How many business owners out there feel like your entire company rests squarely on your shoulders and your back is breaking under the pressure? If you feel this way, then I know who you are. You’re the person whose dream of owning and running a business has turned into a nightmare.

You’re over-worked. You can’t come and go as you please. All of the company’s different problems ultimately land on you to fix. You’re burned out and your personal life is affected. You’re frustrated. You’re tired. You’re surrounded by people, but you feel very alone. Despair.

First off, let me tell you that you’re not alone. In fact, you’re in the majority of small business owners that have become owned by their businesses. Here’s some great news: You can fix it!

You’re probably thinking, “Yeah, right. Give me another thing to do. I have no money, no time, and no belief that this can change. I’m stuck and there’s nothing I can do about it.” Please, keep reading…

Think back to the day your company was created in your mind. For those of you that grew up in a family business, think back to the day before you took the reins. No matter how long ago that may have been, the significance of how you were feeling and what you were thinking were emotional enough that you can remember.

Were you thinking about creating a business where your employees would love their jobs? Were you excited about providing such outstanding products or services that your customers would trumpet your name to all their friends and business would boom? Did you think about how different you would be from past bosses you had that sucked all the air out of the room when they walked in? Sure you did!

You were also thinking about how much money you would make and how generous you would be with your team. You would put in a few great years, then work shorter days so you could coach your son’s little league team or your daughter’s soccer team. Ahh yes… the long weekends at your camp and two vacations every year in the Caribbean! At the end of it all, you thought, you’d have a company worth millions of dollars. Life was great and you were ready!

And for the first few years, you gladly worked your tail off. You didn’t mind working nights or weekends if needed. After all, it was a good way to keep payroll down. You made the sales calls, served your customers, and even worked in production. You did the purchasing and paid the bills. You made the collection calls and did the hiring. You were chief cook and bottle washer and didn’t mind because you knew…you absolutely knew it would all pay off in the end.

But as the years continued to pass, your energy was tapped. You tried to hire some great people to help you, but people always let you down. You didn’t blame them; deep inside you knew you hadn’t interviewed enough people to find the right fit. You never even called the references that were provided. And after you made a hire, you didn’t have time, or even a system, to train your new employees. They were thrown to the wolves! But it didn’t work and nothing was done correctly. If you wanted something done right, you just had to do it yourself. So you did…and you still do.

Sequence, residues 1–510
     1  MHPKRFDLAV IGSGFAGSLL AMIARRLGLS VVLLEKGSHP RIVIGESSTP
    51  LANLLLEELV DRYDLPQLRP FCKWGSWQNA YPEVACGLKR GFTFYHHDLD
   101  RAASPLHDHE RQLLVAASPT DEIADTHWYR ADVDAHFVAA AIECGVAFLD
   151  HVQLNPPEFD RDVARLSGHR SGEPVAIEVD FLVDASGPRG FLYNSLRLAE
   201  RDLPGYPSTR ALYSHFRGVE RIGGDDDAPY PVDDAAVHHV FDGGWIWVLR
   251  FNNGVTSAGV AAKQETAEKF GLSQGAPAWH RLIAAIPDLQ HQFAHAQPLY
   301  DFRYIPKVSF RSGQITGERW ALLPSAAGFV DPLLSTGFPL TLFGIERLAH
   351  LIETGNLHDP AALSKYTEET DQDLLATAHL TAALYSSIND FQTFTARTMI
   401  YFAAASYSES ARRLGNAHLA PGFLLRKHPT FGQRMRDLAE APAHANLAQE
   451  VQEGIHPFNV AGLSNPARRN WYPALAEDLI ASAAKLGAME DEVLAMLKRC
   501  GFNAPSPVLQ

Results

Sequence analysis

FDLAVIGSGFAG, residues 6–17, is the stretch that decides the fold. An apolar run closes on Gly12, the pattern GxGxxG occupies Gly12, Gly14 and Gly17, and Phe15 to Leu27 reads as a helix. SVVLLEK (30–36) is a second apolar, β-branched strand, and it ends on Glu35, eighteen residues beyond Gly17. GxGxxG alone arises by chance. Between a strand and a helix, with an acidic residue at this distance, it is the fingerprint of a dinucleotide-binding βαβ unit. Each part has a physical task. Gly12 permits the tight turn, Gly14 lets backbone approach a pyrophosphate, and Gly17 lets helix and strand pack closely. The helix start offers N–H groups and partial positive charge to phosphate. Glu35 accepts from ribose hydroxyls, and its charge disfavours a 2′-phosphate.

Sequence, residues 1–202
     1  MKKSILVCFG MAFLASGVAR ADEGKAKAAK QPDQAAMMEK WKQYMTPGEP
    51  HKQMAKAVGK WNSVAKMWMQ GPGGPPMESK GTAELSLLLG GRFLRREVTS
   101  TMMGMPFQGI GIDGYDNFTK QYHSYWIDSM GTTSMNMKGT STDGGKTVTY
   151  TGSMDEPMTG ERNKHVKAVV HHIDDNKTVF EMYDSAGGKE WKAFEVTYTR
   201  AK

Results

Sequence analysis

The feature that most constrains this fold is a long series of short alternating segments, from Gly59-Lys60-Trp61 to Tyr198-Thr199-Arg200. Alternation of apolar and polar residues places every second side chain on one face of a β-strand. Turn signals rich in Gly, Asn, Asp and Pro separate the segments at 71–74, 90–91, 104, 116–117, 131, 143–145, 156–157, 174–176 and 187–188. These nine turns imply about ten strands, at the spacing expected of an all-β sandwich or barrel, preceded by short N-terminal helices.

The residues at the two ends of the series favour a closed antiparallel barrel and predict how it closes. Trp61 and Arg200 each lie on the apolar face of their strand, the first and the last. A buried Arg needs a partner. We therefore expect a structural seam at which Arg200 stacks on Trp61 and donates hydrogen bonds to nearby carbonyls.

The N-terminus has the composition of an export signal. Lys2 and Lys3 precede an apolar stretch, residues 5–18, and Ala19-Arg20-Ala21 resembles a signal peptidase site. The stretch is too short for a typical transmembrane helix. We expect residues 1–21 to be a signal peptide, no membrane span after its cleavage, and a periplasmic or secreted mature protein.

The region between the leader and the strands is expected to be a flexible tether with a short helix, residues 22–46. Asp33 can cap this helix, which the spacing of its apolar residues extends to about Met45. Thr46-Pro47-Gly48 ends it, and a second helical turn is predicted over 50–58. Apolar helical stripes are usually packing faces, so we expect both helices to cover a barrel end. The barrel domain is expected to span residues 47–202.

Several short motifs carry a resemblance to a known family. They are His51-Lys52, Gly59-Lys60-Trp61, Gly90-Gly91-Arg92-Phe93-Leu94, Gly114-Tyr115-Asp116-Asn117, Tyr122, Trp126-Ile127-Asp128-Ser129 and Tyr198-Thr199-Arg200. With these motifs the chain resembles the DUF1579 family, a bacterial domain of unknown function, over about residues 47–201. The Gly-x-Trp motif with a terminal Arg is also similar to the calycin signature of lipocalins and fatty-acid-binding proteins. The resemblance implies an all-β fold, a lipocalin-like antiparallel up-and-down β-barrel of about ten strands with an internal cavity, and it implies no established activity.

Sound familiar? If so, here’s the problem in a nutshell: Your business is still operating as a start-up company even though it’s several years old. Think about it. How much leadership depth have you built? What systems do you have in place to maximize efficiencies? How much of your time do you spend handling tasks that someone else could handle for you at a fraction of your pay? How much -or how little, actually- of your own time is spent developing your team? Are you working “on” your business, or are you still working “in” the business?

Does everybody have written job descriptions and a clear understanding of their roles and responsibilities? Who holds them accountable for results? Do you have a formal training program in place for new hires? What about developmental training for your existing employees? What have you done in past years for your own professional development?

Is everyone on the same-page? Do your individual team members (employees) know why the company exists? Do they know why you started it in the first place? Do they know what it’s supposed to look like? Do you know your employees’ goals? Do they know yours? Do they know what’s in it for them (beyond just a pay check)?

Do they understand how a business makes money? Are they in-tune enough with your business to be able to identify and fix the many, little operational holes that money pours through every single month?

Do your customers still feel as loved by you as they used to? Have you taken them for granted in recent years? When’s the last time you talked to your best customers about their business? Do you know what their challenges are? Do you know what their goals are? What do they love about your product or service? How would they improve it if they could?

Here’s an important question to ask to see if you’re still operating as a start-up business: “What would happen to your company if you stopped working there today?”

Okay, those are pretty darn good questions that all need to be answered. But you don’t have time to find the answers to these questions- and worse yet, if you had the answers to those questions, you’d know you have a lot more work to do! You certainly don’t have time for more work!

But here’s one more, very important question: “If you don’t answer those questions, and address those issues, who will?”

You already know the answer: Nobody.

Check back tomorrow for Part 2 of this all-important topic, which will include action steps you can take to build the kind of business you have always dreamed of!

Until next time,
Jon Denney, President – The Professional Business Coaches Alliance

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PBCA President

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